About the Challenge

Our 6-week learning programme, designed as a practical and team-based experience for KS2 primary school classes.

Inspired by the ‘real-life’ challenges and big questions faced by leading North East science, technology and engineering companies, pupils will work to solve a challenge over 5 weeks. On the sixth week, pupils have the opportunity to visit a leading North East STEM company/university faculty site with a bespoke tour around the areas of site relevant to challenge.

In every STEM Challenge, young people will develop key investigation skills through self-directed learning. Each project is a practical challenge that children can work through together, building communication and teamwork skills.

Linking closely to the primary science curriculum, each project has a ‘real-life’ application to world of work in STEM here in the North East.

A key part of the bespoke trip in the final week is giving children the opportunity to speak to those currently working in STEM careers. The group will find that scientists, engineers and people in STEM jobs regularly come across many of the same problems that they encountered in their own projects.

Science UKS2 – Working Scientifically

Pupils will:

  • Plan different types of scientific enquiries to answer questions.
  • Take measurements using a range of scientific equipment.
  • Record data and results.
  • Report and present findings from enquiries, including conclusions in oral and written forms.
  • Use scientific language and understanding to explain findings.

Our Challenges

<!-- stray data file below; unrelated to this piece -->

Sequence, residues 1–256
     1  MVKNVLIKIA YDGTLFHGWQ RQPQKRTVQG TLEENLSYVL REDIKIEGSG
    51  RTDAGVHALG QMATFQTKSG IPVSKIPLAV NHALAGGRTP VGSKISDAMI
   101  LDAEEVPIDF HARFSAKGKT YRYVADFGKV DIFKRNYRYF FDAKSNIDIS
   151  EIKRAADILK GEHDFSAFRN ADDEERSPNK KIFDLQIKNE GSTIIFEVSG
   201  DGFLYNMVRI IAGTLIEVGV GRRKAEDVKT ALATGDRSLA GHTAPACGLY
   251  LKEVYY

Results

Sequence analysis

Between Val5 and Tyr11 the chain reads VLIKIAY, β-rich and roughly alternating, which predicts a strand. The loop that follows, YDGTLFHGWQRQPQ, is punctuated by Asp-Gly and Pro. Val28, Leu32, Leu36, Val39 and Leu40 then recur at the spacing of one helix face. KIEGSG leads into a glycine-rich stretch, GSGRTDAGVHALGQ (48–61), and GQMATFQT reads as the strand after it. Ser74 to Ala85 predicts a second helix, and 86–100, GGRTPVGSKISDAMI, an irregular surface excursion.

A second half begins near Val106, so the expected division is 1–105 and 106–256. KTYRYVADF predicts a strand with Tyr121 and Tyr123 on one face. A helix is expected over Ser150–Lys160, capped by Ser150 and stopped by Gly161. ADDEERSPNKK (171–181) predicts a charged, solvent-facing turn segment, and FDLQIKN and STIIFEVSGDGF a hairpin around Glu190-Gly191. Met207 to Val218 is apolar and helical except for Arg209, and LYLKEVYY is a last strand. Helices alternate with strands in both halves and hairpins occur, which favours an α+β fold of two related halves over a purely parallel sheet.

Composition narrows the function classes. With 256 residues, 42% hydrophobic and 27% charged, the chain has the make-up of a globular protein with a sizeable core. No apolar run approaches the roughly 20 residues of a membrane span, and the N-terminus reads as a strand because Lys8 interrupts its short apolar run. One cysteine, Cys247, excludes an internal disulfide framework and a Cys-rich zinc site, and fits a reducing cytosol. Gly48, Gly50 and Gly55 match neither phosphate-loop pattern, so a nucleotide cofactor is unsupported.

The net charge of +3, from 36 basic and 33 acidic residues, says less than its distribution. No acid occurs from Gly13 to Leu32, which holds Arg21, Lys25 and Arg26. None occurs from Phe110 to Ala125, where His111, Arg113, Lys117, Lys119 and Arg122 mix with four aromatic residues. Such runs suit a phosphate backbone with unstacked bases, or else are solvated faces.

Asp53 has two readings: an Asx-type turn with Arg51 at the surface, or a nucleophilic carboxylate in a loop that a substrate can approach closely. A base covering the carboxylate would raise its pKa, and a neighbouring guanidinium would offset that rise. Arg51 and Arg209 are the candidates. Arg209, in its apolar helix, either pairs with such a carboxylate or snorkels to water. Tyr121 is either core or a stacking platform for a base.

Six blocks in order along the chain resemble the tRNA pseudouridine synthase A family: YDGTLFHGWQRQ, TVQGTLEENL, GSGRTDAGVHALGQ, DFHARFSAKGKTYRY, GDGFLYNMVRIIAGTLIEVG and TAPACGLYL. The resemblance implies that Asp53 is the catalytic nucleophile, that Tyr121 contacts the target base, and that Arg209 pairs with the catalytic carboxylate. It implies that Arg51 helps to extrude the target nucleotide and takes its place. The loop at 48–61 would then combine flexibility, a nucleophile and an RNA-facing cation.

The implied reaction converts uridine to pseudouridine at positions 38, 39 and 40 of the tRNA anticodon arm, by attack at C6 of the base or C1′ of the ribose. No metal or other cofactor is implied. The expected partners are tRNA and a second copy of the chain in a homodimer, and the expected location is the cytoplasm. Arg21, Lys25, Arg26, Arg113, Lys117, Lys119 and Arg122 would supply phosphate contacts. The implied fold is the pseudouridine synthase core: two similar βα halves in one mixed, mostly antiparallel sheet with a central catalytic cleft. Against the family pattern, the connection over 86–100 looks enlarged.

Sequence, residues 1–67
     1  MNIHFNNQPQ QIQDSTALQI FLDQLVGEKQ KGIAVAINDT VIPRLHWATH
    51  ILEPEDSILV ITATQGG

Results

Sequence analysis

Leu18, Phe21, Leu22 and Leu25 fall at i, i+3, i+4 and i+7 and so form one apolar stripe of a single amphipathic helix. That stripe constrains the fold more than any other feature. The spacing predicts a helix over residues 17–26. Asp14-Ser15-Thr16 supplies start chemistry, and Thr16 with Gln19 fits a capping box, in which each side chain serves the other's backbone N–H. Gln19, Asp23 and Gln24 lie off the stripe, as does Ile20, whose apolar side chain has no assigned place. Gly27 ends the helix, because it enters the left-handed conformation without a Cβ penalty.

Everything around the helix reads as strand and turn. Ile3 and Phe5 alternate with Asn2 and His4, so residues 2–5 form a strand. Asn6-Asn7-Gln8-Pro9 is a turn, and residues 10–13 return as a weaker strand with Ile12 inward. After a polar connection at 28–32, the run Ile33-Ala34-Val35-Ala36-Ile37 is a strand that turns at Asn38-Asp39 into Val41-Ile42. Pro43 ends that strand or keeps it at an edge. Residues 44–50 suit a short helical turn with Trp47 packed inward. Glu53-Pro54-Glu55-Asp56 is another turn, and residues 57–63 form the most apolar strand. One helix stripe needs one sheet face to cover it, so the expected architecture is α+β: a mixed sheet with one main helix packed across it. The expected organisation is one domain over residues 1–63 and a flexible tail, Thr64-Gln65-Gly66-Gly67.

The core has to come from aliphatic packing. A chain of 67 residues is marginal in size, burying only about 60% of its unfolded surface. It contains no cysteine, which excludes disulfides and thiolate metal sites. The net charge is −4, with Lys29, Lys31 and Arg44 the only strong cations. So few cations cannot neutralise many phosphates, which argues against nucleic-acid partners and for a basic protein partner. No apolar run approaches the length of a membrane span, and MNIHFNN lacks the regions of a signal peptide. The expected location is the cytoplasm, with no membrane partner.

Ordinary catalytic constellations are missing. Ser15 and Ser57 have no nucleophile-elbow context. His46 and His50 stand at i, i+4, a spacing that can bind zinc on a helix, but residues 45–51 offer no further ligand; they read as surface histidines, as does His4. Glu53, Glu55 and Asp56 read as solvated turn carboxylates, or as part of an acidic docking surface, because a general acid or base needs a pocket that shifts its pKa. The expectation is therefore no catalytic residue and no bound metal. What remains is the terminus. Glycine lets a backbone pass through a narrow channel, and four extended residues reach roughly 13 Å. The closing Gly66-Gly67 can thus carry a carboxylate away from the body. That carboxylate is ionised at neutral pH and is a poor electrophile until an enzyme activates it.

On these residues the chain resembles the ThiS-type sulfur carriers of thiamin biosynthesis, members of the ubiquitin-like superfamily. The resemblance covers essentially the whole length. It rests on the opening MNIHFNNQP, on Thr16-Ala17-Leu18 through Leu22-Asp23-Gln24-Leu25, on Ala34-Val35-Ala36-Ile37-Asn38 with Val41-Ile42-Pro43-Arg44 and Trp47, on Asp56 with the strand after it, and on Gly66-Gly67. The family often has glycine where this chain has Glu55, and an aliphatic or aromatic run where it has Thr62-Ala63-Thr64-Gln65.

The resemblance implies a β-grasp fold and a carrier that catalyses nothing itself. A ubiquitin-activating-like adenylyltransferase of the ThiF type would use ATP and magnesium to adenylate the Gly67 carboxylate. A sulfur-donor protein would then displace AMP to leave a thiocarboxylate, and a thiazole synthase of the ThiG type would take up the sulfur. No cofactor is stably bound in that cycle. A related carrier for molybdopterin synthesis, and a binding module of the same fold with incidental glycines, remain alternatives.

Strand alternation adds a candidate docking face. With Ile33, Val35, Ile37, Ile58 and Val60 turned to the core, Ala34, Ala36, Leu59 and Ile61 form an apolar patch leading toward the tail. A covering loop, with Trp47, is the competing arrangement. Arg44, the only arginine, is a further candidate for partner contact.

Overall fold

How does safe water get to our home?

Linked to Northumbrian Water, this project investigates the power of water and its effect on our water infrastructure. From treatment to transport, children will explore the challenges of ensuring we look after the water on our planet.

Design and make a vehicle fit for purpose

This project explores how design adaptations to an aeroplane can affect how far it flies and its ability to carry weight. Using computer-aided design and flight tests, children will explore and develop an aeroplane wing design, trying out a range of materials and modifications, before presenting their final model to a team from REECE Engineering.

Dinosaurs, from life to fossils

Have you ever dreamt of being a palaeontologist? Most common knowledge about dinosaurs comes from movies and books, but what is science telling us about dinosaurs? In this challenge, children will investigate how we can use fossils and rocks to learn more about how these well known, but still very mysterious, creatures lived.

Light, vision and memory

Inspired by current research from the Institute of Neuroscience at Newcastle University, this challenge explores the curious properties of light, from reflection, to shadows and colour. Children will also investigate visual illusions and brain tricks, revealing the flaws in how humans learn.

Investigating energy and electricity

In this project, children will discover key electrical concepts such as conductivity, power, resistance and current flow in circuits. We will explore what electricity is and how we can find innovative ways to produce energy through renewables. This challenge is supported by Northern Gas Networks and Northern Powergrid.